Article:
About the Book
The Indian Constitution posits a separation between a secular domain that the state regulates and a religious domain in which it should not interfere. However, defining the separation between the two has proved contentious—the state is directly involved in the administration of several religious institutions and the courts are regularly asked to decide on rights linked to religious functions and bodies. Such decisions contribute to (re)defining the religious categories and practices.
This volume explores how the apparently ‘technical’-legalistic action taking place in the courts of law significantly shapes the place that Hinduism occupies in Indian and Nepalese societies, perhaps even more so than the ideology of any political party. The approach developed in this volume is resolutely historical and anthropological. It considers law as part of social, religious, and political dynamics.
The volume does not deal as much with politics of secularism in general, as with how courts deal in practice with Hinduism and how it contributes to shaping contemporary Hinduism.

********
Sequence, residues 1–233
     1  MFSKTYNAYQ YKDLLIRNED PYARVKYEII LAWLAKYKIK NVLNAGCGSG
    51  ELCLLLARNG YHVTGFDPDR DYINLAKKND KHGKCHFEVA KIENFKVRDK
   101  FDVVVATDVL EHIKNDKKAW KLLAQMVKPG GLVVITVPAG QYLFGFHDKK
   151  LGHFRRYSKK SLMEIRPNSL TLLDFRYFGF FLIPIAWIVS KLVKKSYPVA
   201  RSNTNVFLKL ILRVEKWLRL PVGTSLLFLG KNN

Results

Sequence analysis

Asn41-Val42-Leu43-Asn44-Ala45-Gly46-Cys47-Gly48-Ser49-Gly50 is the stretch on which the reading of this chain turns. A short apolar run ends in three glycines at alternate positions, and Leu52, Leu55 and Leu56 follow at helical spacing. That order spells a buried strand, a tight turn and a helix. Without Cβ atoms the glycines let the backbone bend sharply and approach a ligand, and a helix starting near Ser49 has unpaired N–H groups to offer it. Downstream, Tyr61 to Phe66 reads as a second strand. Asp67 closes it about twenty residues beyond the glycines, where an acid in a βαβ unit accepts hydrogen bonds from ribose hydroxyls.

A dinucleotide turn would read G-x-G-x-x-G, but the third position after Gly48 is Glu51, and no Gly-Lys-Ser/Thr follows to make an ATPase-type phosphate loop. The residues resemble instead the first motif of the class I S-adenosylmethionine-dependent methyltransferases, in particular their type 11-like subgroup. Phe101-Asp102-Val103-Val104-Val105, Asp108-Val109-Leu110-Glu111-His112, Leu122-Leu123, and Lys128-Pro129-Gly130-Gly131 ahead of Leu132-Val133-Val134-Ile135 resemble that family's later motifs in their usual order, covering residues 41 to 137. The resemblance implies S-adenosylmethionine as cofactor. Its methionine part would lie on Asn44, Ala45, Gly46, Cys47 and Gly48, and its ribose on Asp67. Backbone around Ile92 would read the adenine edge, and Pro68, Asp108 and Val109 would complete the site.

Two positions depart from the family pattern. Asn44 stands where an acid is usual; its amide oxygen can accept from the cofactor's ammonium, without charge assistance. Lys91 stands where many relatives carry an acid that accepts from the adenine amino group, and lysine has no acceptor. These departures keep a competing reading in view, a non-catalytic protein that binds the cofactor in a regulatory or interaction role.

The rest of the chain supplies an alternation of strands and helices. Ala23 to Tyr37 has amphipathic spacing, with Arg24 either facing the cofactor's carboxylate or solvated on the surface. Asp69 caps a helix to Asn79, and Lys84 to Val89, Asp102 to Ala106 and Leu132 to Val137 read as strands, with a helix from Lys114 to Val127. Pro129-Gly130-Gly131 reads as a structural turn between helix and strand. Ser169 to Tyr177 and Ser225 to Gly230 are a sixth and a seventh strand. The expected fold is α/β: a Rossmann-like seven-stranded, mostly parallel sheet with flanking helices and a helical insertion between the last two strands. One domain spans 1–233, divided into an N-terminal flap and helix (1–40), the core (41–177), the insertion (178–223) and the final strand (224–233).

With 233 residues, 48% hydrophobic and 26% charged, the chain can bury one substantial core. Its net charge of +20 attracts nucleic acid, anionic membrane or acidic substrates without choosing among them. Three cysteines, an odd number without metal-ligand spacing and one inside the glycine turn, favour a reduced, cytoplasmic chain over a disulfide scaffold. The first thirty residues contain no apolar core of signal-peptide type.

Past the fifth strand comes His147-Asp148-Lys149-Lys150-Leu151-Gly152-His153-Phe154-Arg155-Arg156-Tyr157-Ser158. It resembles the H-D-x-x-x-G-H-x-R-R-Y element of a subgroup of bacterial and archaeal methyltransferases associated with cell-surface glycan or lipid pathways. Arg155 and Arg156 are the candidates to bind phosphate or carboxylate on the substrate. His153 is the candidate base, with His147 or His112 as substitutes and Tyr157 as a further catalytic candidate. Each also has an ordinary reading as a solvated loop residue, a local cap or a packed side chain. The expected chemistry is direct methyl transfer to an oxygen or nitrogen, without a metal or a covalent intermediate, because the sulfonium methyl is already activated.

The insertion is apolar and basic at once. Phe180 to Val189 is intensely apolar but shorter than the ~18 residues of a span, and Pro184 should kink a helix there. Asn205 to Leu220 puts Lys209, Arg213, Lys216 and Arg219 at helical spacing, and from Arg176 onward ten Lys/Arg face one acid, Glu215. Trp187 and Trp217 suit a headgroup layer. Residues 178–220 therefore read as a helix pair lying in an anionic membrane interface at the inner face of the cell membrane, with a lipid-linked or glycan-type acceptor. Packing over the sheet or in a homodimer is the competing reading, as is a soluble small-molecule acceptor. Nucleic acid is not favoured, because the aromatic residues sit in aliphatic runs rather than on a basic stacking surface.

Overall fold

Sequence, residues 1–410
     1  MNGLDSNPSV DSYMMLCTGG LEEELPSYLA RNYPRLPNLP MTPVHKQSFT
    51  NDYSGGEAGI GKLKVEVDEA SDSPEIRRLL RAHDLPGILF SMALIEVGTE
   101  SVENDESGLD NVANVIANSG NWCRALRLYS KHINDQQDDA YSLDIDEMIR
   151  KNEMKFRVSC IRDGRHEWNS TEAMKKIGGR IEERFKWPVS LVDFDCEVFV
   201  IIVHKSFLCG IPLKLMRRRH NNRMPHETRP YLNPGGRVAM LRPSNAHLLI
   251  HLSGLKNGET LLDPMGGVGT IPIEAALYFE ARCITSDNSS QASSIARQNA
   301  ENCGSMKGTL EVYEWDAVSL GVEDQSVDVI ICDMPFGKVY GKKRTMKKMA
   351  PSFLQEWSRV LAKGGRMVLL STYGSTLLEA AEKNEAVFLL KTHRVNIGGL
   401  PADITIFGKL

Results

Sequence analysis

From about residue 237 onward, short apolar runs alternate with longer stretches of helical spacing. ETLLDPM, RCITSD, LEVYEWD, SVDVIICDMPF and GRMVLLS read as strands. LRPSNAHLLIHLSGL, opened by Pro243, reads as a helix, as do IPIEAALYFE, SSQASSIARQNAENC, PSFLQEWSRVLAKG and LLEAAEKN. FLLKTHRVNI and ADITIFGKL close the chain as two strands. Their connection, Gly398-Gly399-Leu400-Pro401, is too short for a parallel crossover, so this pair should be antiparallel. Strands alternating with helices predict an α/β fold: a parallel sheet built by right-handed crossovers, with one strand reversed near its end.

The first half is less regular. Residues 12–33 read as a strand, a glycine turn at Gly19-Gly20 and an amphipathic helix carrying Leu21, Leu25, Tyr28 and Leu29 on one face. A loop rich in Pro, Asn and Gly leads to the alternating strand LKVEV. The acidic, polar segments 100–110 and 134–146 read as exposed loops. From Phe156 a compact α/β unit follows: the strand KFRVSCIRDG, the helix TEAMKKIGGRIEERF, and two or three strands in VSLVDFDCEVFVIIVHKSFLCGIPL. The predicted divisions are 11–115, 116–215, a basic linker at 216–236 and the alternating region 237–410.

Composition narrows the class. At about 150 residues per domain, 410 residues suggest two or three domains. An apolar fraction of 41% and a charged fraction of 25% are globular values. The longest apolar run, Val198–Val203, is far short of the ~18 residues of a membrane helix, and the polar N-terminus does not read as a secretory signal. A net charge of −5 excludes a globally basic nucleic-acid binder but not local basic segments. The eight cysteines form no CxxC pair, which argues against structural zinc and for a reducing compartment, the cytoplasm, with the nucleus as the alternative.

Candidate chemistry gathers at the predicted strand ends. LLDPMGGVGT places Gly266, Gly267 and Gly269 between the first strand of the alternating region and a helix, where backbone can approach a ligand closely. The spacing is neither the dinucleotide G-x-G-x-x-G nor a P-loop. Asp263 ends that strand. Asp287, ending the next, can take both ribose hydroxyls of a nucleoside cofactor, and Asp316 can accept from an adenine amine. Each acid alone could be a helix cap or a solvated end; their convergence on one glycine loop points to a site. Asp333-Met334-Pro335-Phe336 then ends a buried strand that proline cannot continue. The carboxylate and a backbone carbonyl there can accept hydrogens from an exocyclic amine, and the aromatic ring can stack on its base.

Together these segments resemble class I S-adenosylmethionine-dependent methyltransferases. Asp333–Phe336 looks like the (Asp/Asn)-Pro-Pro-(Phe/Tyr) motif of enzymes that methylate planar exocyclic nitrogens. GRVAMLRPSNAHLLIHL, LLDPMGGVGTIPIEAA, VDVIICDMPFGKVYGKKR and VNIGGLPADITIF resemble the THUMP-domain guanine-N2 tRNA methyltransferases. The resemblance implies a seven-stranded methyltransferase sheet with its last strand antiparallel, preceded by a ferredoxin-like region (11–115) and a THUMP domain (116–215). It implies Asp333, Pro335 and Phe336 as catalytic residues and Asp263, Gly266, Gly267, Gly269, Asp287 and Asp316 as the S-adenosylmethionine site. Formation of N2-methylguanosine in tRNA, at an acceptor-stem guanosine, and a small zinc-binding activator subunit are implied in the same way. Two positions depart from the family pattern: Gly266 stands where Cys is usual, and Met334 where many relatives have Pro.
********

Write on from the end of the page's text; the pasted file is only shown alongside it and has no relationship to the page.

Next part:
About the Author
Daniela Berti is a social anthropologist and research fellow at the National Centre for Scientific Research (CNRS), Paris, France, and a member of the Centre for Himalayan Studies (CEH), Villejuif, France.
Gilles Tarabout is a social anthropologist, Emeritus Senior Fellow at CNRS, and a member of the Laboratoire d’Ethnologie et de Sociologie Comparative (LESC), Nanterre, France.
Raphaël Voix is a social anthropologist and research fellow at CNRS, and a member of the Centre for Indian and South Asian Studies (CEIAS), Paris, France.